As companies work hard to stay competitive and provide exceptional experiences to their clients, the need for skilled staff in business support and customer service keeps growing. In this article, we'll look at the important skills businesses are looking for.1. Great CommunicationWhether you're talking or writing, it's vital to be clear. Nowadays, good communication also means being good with digital tools. Employers want people who can talk professionally with colleagues, clients, and customers, making sure everyone gets the right information.Top Tip for interviews: Prepare examples that highlight your proficiency in clear and effective communication. Share instances where you successfully conveyed complex information to non-technical stakeholders. 2. Problem Solving AcumenIn the world of business, problems come up all the time. The ability to think on your feet and adapt to unforeseen circumstances showcases your commitment to delivering results.Top Tip for Interviews: Prepare specific anecdotes showcasing your problem-solving skills. Describe situations where you identified a challenge, analysed options, and implemented a successful solution. 3. Technological ProficiencyFamiliarity with various software, tools, and platforms can significantly enhance your employability. Things like customer relationship systems, project management tools, and data analysis software are just a few examples of technologies that are becoming increasingly integral to business operations. Embracing technology shows you're ready to work in a modern business.Top Tip for your C.V: List the software, applications, and tools you are proficient in on your C.V. Make sure to also include any certifications or trainings related to these technologies on your LinkedIn profile. 4. Adaptability and FlexibilityThe Irish business landscape is always changing, which is why being flexible is so important. Companies want people who can handle change, learn fast, and switch things up when they need to. Being open to new challenges and being willing to upskill can set you apart in a competitive job market.Top tip for your C.V.: On your CV, talk about times when you changed and helped your team or company grow. For interviews, give examples of when you tried new things or took on jobs that weren't easy for you. Show your ability to thrive in dynamic environments. 5. Speaking Other LanguagesIreland’s strategic position in the European Union has led to an influx of international businesses and customers. If you know languages like Spanish, French, or German, this can be a significant advantage. It means you can talk to more people and understand more clients Multilingualism showcases your cultural awareness and ability to engage with a diverse audience.Top Tip for your C.V: Include a section that highlights your language proficiencies and any experiences where you effectively used them in a professional setting. 6. Being Kind and Focused on CustomersFor jobs where you help customers, being kind is important. If you know what customers want and care about their problems, they'll like your company more. Companies value candidates who prioritize customer-centricity, as it directly impacts customer satisfaction and long-term success.Top Tip for Interviews: Share stories of how your empathy positively influenced customer interactions, leading to enhanced customer satisfaction and/or conflict resolution.7. Time Management and OrganisationKnowing how to use your time well and organise things can make you get more done. From arranging meetings to handling administrative responsibilities, these skills demonstrate your capability to juggle multiple priorities and meet deadlines consistently.Top Tip for interviews: Provide examples of how your strong time management skills helped you meet tight deadlines or manage multiple projects simultaneously. As the business world in Ireland keeps changing, the demand for proficient business support and customer service professionals remains steady. Cultivating these in-demand skills not only increases your employability but also positions you as an asset to your employer. Whether you're already experienced or just starting out, getting good at these skills can help you find great jobs and help Irish businesses grow, even when they're competing with companies from all around the world. At Sigmar, we're committed to connecting top talent with businesses seeking excellence in business support and customer service. Get in touch to explore how we can help you thrive in these exciting fields. Email your cv to firstname.lastname@example.org or check out current jobs here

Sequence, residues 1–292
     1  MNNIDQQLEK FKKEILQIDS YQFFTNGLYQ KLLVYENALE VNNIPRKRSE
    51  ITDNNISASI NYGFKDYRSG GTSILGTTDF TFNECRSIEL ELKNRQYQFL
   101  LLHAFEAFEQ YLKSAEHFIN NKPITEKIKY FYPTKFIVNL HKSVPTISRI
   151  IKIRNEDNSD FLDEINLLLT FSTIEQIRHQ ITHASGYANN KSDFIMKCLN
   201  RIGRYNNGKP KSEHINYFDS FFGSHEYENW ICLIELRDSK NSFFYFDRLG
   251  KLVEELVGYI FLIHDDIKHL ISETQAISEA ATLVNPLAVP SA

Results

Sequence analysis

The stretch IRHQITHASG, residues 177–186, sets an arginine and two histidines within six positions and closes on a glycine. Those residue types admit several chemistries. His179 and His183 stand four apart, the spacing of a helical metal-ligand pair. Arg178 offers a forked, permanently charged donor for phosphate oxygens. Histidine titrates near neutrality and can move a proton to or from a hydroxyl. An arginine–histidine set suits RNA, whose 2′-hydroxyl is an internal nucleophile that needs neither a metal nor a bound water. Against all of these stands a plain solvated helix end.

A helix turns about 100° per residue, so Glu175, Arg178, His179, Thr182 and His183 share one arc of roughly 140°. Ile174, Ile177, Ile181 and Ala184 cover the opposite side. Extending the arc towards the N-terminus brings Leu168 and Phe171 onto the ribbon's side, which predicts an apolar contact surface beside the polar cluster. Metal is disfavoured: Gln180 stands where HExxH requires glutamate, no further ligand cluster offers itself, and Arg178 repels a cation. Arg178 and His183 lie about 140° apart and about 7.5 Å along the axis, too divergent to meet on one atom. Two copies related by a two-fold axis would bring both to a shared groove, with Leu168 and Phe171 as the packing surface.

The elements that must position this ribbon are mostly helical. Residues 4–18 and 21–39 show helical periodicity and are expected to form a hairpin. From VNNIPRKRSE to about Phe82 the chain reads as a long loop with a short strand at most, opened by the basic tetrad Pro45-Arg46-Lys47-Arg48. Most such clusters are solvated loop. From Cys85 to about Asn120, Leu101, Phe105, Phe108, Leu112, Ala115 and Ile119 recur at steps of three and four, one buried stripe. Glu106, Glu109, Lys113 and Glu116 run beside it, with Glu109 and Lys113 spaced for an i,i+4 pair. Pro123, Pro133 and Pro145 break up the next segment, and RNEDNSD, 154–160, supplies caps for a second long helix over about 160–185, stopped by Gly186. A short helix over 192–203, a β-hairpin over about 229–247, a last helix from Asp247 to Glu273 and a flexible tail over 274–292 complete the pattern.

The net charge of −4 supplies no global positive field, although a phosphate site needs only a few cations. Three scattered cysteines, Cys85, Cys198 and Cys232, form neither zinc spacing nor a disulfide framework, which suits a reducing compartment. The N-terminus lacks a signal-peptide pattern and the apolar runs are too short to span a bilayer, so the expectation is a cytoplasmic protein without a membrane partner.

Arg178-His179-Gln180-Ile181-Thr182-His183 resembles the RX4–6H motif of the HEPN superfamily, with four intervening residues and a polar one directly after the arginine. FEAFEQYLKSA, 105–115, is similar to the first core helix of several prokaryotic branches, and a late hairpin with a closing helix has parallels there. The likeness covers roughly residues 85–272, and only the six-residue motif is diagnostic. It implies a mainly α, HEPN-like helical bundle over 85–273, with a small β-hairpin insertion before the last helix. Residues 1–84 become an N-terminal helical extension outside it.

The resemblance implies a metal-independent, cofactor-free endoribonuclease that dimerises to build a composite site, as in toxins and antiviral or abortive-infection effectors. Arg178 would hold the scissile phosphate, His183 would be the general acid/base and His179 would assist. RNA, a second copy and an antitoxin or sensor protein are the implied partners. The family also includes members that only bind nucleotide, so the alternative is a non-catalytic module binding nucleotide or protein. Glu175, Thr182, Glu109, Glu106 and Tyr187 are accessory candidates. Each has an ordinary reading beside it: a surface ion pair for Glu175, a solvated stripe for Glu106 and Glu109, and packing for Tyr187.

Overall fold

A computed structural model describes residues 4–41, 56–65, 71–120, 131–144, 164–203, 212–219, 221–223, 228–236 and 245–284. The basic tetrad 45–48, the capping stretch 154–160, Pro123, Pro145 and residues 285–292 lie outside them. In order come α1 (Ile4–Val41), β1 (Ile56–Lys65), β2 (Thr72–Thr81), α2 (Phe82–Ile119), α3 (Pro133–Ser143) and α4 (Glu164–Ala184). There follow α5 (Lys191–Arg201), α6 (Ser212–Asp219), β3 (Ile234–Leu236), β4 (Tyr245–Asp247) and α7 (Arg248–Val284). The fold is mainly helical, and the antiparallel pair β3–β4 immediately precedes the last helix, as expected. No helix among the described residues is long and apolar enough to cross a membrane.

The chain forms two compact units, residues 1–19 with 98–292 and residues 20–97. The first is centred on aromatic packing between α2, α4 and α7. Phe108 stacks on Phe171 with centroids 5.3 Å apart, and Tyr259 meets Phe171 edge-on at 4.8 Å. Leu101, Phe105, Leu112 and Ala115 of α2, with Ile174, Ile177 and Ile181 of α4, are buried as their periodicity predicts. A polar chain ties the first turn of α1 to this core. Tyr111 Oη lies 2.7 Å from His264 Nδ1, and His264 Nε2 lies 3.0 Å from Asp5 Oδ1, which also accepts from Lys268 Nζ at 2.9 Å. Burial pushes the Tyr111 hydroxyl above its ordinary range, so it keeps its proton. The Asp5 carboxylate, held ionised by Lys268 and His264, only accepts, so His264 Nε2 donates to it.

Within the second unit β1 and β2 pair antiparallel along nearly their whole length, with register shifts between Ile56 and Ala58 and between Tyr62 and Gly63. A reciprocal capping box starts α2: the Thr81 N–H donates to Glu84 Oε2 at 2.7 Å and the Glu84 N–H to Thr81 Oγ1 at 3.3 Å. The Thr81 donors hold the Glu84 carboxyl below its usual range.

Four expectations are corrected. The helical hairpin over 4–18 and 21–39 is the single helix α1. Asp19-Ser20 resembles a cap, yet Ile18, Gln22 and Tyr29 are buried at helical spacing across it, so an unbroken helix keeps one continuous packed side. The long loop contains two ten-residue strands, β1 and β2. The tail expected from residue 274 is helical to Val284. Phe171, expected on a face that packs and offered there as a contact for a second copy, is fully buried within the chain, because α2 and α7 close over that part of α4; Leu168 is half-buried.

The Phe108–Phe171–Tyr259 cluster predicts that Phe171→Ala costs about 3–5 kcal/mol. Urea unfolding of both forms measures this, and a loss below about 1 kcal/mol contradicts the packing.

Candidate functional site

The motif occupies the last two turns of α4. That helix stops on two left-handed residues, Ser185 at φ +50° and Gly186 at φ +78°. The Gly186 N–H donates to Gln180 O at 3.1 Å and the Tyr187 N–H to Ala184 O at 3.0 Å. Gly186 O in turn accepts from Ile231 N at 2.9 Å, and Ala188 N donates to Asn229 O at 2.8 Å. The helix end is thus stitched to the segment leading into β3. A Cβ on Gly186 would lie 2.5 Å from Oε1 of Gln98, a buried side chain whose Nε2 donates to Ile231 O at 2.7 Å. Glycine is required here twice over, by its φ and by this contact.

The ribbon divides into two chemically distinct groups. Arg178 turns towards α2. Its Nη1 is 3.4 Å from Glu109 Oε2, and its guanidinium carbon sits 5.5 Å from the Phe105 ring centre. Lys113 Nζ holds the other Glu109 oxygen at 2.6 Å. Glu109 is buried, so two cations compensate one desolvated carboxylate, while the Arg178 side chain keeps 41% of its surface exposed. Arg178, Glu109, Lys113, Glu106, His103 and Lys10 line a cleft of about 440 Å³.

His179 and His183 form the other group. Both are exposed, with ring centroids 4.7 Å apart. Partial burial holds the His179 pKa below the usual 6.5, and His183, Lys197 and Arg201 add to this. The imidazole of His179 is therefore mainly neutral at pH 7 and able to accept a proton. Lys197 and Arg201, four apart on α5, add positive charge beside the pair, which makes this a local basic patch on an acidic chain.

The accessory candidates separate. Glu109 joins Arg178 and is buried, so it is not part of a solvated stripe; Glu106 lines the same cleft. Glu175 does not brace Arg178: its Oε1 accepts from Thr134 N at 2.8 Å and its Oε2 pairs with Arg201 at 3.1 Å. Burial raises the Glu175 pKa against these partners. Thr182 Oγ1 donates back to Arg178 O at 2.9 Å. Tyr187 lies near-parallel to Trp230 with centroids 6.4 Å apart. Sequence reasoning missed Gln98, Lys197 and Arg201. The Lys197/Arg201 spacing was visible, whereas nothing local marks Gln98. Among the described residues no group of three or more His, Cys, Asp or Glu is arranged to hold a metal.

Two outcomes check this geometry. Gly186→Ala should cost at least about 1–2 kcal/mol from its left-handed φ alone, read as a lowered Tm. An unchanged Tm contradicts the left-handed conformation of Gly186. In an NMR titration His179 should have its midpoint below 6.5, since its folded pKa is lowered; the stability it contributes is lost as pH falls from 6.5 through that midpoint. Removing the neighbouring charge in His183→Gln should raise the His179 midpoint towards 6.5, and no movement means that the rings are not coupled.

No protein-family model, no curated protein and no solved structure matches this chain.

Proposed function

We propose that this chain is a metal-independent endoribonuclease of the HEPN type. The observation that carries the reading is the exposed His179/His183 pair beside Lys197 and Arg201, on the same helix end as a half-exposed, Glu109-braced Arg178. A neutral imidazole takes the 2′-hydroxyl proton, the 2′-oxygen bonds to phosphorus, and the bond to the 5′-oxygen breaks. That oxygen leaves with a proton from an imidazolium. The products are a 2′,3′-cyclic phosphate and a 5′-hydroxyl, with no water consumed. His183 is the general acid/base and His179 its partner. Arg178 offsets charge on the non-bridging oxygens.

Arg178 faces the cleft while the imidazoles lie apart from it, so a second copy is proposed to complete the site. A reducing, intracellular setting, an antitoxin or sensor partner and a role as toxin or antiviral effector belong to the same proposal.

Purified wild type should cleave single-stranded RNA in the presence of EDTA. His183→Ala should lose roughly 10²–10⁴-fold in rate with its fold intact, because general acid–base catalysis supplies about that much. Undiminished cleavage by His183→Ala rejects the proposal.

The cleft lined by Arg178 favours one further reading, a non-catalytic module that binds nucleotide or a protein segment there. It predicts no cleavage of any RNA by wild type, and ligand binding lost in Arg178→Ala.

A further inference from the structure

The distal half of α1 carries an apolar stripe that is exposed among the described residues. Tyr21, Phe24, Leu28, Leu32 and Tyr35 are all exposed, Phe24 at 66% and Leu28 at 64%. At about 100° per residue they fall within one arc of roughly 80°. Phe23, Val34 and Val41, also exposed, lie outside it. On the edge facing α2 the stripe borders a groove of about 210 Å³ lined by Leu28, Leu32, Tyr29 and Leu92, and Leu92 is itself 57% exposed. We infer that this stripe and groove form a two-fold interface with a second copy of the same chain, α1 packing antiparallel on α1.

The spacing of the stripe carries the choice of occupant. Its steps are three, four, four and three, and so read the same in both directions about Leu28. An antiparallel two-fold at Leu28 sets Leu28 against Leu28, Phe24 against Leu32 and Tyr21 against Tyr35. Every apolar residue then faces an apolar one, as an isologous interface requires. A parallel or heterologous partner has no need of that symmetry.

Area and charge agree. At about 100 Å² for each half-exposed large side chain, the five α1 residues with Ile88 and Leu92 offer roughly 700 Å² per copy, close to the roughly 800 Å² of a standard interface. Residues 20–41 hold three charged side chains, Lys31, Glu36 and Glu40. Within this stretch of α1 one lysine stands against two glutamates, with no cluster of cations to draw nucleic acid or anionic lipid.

How To Write Your Accountancy CV
How To Write Your Accountancy CV
As a recruiter, I have seen some good, some bad and some ugly CVs cross my desk. There are a couple of things which an accountancy CV should always contain and similarly, a few things which should never appear. Below I will discuss in a number of points how you, as an accountant, can grab the attention of the prospective audience i.e. recruiters or HR professionals and secure yourself an interview. Personal ProfileThe one thing you are looking to gain from your CV is an interview and hopefully, at the end of the process, a job. The first thing we should realise is that a HR professional or recruiter takes only 10-15 seconds to decide whether they are going to delve deeper into your CV and discover what you can offer. So to grab their attention you should include a short summary of yourself which is essentially a description of what an employer would be getting if they hired you. “A highly experienced ACA big 4 qualified accountant with 3 years PQE in a global FMCG multinational. Highly adaptable team member with strong communication skills. Looking for a role with a progressive multinational in a commercial finance capacity.” QualificationsAs a finance professional, your qualifications and certificates are some of the first things employers or HR will look for on your CV. For this reason you need to put exact details of your education and how proficient you were in each area, for example: 1st time pass ACA. The same goes with your degree or college achievements. You need to include the level of the qualification, the name of the degree and the name of the college, not to mention the dates which you attended. I would also include your leaving certificate points and results here to save the employer looking for them later in the process. Experience and AchievementsWhen listing the companies you have worked for, my opinion is that you should use the same format every time. The experience should be listed from the most recent back to the beginning of your career. Each role must list the company name, dates employed, industry, monetary turnover and your position. If you have worked in a number of roles in the one company, you need to clearly specify the continuity of your time there and the different positions you held. For each role I would separately list your responsibilities and achievements and list them in the third person. Describe your responsibilities according to the requirements of the job specification you are applying for. As an accountant or finance professional, the more senior you are, the more important your achievements become. Potential employers want to see where you have run projects, cut costs, improved processes and generally exceeded expectations. IT and Software SkillsThese are extremely important to have on your CV as a role with a prospective employer could depend on the systems exposure you have had. I cannot begin to tell you the amount of times I have had to do a specific search for an accountancy package or system and began my search from there. If you happen to be a super user of any system, again have it noted in black and white. It could be the difference in you or someone else getting the job, and I have seen it happen. Skills and Hobbies This area of an Accountancy CV is difficult to advise on. I would recommend that skills such as fluency in a language should always be included and even have their own section but if you would like to list them here that is also ok. I would not recommend you put skills like “fastest pint drinker” on your CV but at the same time, an innocent skill or achievement like being a beauty pageant winner or Ireland’s strongest man can alienate you or intimidate the interviewer so always be careful in that regard. The reality is, you will not do yourself any harm leaving hobbies off your CV altogether but this is something to take on a case by case basis and speak to your recruiter if you are unsure. Proof Reading 9 out of 10 recruiters will agree with me when I say that seeing a CV with a number of grammatical or spelling errors is a major annoyance. The opinion is that if a candidate cannot take care while writing their CV, how much care and effort are they going to put into the role? Your CV is a ticket to an interview and can get you in front of the right people so there are no excuses if you cannot do a simple spell check before you send it off.